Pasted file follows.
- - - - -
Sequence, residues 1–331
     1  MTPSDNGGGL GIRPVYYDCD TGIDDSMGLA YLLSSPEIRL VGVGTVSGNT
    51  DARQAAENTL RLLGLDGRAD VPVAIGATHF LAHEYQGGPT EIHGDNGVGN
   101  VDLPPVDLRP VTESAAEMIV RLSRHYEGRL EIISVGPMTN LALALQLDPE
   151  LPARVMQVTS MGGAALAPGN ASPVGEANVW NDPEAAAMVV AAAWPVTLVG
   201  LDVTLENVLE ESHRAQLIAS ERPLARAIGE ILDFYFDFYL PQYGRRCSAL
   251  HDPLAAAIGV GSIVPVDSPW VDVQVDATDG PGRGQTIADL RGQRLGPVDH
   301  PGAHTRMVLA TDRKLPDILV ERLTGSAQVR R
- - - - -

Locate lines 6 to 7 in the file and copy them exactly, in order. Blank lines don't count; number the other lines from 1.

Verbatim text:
   201  LDVTLENVLE ESHRAQLIAS ERPLARAIGE ILDFYFDFYL PQYGRRCSAL
   251  HDPLAAAIGV GSIVPVDSPW VDVQVDATDG PGRGQTIADL RGQRLGPVDH